I've been doing a new musical about aging and memory loss. It's called Kaleidoscope and it's part of the Creative Cauldron's Bold New Works Series, and it's been wonderful and tricky and very moving. To quote one audience member, "it's big art in a small space." It stars Florence Lacey (look her up - she's a bona fide Broadway Star with capital letters and the most gracious woman I have ever met) and it's written by Matt Conner and Stephen Gregory Smith, beautifully arranged and orchestrated by Warren Freeman. This one has snuck into my soul and stayed there - I dream of the tears that run down Flo's face at the end; I see rose petals everywhere I look and I'm transported when the oboe plays. Catherine Purcell, who plays my sister, astonishes me with the beauty of her singing. And young Sophia Manicone is awfully sassy for one so young.
But its more than the work; it's the subject matter and how it's handled. The stages of life are represented by seasons; the repeated image and patterns and soaring musical themes evoke a long and fascinating but complicated life, and make the passage of time feel beautiful and dignified. It's funny and poignant, no easy feat. And just as in real life, sometimes reality seems a little murky. It's a non-linear work that addresses this difficult subject matter in a graceful yet honest way. We see ourselves reflected onstage - and there's nothing more human than aging - we're all doing it, all the time.
I am. And so is my mother. She's had an up and down year with her health; thank heaven things are very "up" right now. She saw Kaleidoscope twice (now that's a theater mom!). She said I was great (thanks, Mom) and she gushed about everybody. But it was Flo who truly captured her imagination. As we left the theater after viewing #2, Mom said to me, sort of sideways, "What do you think about letting my hair go to my natural color, like Flo's?" (As you can see from the pictures, Flo's hair is stunning.) Now I have been on my mom to stop dyeing her pixie cut for years, but it took a musical to get her to commit. She could have gotten weepy and worried, given the subject matter. Instead, she identified with the vibrant, compelling woman we see at the beginning of the piece, and fell in love with her hair.
After every show we have a talkback with the audience; they're a good way for actors and audience to connect. But I can't tell you how extraordinary these particular sessions have been. Almost the entire audience stays every night, and they're not asking the usual questions, like how did Flo get her start and become famous (although that is a great story!). They want to share their stories, and they do, almost to a person. They feel so safe in the big art-small space setting that will tell us, with great bravery, of their father or mother's last days, about the moments of clarity, about the hilarity of a bra worn over a shirt or how music was the only thing brought them comfort. Alzheimer's professionals speak; we hear how emotion stays with us even if cognitive recognition is no longer in place. And almost every night, someone describes symptoms, looking for help. We privileged to empower these people to speak through theater; we're privileged to hear their stories.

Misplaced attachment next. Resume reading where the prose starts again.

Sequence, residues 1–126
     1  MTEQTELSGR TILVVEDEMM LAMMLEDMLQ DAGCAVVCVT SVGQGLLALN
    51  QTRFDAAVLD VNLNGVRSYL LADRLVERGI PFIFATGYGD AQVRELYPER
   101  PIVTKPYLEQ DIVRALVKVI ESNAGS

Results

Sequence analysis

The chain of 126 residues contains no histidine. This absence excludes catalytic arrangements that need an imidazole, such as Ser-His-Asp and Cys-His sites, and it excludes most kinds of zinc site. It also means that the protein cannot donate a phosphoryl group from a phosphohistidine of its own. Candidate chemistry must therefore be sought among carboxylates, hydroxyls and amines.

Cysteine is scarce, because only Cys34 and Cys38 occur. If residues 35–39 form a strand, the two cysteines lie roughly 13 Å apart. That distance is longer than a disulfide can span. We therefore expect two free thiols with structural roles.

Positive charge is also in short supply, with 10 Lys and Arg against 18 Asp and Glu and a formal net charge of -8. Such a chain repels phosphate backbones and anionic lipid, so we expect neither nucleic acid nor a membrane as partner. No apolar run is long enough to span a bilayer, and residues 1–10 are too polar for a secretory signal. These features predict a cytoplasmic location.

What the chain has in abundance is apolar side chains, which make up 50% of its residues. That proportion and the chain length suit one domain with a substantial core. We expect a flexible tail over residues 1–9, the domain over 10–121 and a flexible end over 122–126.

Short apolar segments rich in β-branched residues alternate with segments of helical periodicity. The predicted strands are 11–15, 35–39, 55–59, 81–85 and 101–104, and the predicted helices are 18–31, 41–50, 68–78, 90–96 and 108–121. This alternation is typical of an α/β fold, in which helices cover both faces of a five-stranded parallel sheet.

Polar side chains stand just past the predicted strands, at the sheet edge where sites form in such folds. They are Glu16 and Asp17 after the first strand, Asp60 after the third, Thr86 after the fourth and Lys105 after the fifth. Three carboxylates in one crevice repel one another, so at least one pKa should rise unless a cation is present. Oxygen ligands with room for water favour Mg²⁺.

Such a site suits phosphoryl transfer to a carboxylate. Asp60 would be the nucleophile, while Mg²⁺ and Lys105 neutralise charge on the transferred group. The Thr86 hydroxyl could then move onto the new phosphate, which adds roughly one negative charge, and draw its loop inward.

After all, sharing stories is what it's about. It's how we communicate. I see it at UrbanArias, too: I sit on the board of a small opera company that does new work in DC. I've watched them produce (and helped, a little) 20 new works in their short time, including commissions. The company is doing a new opera in the next weeks about race relations called Independence Eve at Signature Theatre, another champion of the new (thanks Signature!!): it shows us three fraught meetings, from the civil-rights era to present-day, between a white tenor, Brandon Snook, and a black baritone, Jorell Williams, and while it's an "issue opera," the way the issue is handled is anything but expected. If that's not timely and tricky I don't what is. i have no doubt this one will engender many important, tough but hopefully illuminating talkbacks of its own.
My friend Robert Wood, UrbanArias' Executive and Artistic Director, writes in his blog (read it; he's super-eloquent), "the arts generally, and opera specifically, must be “relevant” in order to survive." Music theater can struggle to be relevant; sure, sometimes it just needs to be escapist and fun and that's ok too. But Flo wisely remarked the other day, "sometimes I go to the theater for a good cry." Me too. Life's difficulties and beauty move us to tears, differently but in equal measure, and that's relevance.
So if you hear of a company near you prodiucing new work, support it in some way if you can. (DC is a hotbed of new work!) As Nicholas Kirstof said in his recent Times article about cuts at the NEA "the arts humanize us and promote empathy. We need that now more than ever." Amen.